Well written workflows combined with proper training give an operator or a maintenance technician the ability to perform the action with minimal help. Workflows should contain screens shots of the distributed control systems graphics and pictures of the equipment in the field where appropriate.

Operations, maintenance, production

In an iOps Command Center it is likely that operation, maintenance and production of the process units will be organized and grouped together based on the process flow. As an example, an oil and gas company would have wellheads, separators and compression controlled at a console separate from the pipelines, the LNG plant and the logistics terminal.

Each console may have one or two operators controlling the process and monitoring alarms via analytic, situational awareness and process control graphics. The graphics will be based on a standard developed during engineering of the oil and gas asset. These graphic standards should include a method and color scheme for delegation of control. As an example, when delegation of control takes place, changes to operator graphic screens might include a colored border appearing when control is delegated to another location.

When control is delegated to the field for maintenance on a piece of equipment or unit, the corresponding alarms need to be suppressed. The alarms upstream or downstream of that piece of equipment may need to be elevated to a higher priority during the time control is delegated to the field.

Maintenance practices and activities need to account for the possibility of control delegation as a part of the work permitting procedure. If major maintenance activities are being performed on an asset, control of that asset should be delegated to the local operator for safety reasons as well as to aid in maintenance activities by providing the ability to locally test the equipment under service.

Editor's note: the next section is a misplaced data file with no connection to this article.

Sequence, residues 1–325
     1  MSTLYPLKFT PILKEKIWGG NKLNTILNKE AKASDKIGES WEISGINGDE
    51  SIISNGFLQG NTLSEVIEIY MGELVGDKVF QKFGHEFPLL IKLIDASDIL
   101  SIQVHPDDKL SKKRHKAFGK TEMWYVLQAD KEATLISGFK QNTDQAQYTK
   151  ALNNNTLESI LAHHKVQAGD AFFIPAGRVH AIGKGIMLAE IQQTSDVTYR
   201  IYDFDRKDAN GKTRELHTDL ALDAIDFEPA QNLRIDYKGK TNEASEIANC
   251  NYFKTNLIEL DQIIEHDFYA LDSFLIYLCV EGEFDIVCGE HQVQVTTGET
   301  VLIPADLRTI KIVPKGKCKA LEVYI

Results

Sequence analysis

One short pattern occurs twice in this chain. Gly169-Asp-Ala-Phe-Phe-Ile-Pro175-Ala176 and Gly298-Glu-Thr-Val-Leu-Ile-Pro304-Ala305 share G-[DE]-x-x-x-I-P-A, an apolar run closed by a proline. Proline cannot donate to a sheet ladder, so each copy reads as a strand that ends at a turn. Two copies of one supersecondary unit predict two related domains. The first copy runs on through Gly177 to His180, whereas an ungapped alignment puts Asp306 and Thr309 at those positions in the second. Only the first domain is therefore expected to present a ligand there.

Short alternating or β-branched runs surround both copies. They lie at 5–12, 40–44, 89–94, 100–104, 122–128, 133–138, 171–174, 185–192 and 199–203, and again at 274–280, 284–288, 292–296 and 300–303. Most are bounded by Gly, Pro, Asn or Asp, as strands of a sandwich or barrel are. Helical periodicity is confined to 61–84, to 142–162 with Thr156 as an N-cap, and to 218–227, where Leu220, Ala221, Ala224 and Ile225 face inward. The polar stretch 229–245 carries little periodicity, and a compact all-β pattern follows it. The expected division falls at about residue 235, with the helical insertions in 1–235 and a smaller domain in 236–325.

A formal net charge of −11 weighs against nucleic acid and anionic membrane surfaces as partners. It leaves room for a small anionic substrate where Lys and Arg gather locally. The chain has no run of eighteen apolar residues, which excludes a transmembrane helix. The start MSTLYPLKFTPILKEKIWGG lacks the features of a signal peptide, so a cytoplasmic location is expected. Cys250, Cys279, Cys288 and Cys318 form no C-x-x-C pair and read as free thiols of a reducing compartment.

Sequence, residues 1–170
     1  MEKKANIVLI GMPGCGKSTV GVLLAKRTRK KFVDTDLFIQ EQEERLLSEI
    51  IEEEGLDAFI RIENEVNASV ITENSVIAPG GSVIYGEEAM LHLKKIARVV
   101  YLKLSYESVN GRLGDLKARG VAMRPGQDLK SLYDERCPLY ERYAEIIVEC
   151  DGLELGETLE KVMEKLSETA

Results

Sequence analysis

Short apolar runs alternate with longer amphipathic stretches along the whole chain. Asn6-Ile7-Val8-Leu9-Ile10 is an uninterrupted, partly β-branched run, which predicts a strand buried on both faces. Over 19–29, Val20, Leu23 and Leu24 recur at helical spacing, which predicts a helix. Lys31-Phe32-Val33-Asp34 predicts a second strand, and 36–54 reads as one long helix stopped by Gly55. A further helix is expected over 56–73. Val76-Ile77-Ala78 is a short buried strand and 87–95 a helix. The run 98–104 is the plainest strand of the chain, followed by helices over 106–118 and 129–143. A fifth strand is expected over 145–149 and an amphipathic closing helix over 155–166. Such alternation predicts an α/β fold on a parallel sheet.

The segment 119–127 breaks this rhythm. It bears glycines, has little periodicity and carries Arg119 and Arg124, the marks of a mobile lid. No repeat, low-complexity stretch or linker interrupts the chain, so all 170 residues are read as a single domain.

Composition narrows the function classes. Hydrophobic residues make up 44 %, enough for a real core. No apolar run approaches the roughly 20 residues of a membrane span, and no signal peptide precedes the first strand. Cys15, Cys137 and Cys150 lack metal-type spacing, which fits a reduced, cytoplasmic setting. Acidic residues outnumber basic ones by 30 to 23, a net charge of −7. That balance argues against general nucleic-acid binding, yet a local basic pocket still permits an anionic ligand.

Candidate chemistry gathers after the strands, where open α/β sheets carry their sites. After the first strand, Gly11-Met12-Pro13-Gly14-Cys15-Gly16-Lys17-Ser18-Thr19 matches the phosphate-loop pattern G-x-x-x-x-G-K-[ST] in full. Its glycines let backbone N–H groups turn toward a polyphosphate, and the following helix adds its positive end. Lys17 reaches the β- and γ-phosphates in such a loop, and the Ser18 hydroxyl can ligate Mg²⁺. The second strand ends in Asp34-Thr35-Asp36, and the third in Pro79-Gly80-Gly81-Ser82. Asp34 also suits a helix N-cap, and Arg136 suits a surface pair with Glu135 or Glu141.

Model considerations

  • Track who, when and where;
  • Production considerations:
    • Availability of production assets;
    • Effect on production strategies; and
    • Effect on production plan;
  • Maintenance considerations:
    • Add to work order or work permitting procedure; and
    • Define communications with iOps Command Center personnel;
  • Intelligent handling of alarms:
    • Suppress all alarms except critical alarms when not in primary control; and
    • Acknowledge alarms systemwide to prevent alarm flooding when control is delegated or reclaimed;
  • Delegation of control to the field:
    • Request received from field as part of a maintenance work order; and
    • Communications established and field acceptance of control; and
  • Reacquire control from the field:
    • Send a request;
    • Reclaim upon loss of power or communications with local workstation or mobile worker;
    • Reclaim via administrative rights during abnormal workflow; and
    • Reclaim control in case of critical event.

As technology allows control of a process from ever-increasing distances, procedures and workflows to allow delegation of that control will continue to grow in importance. Any operator, local or remote, needs to assess immediately who is in control of the process. Operators also need detailed procedures for relinquishing or requesting control. Process safety management and operational risk management principles for the site must include delegation of control to ensure that proper consideration is made for this important new requirement.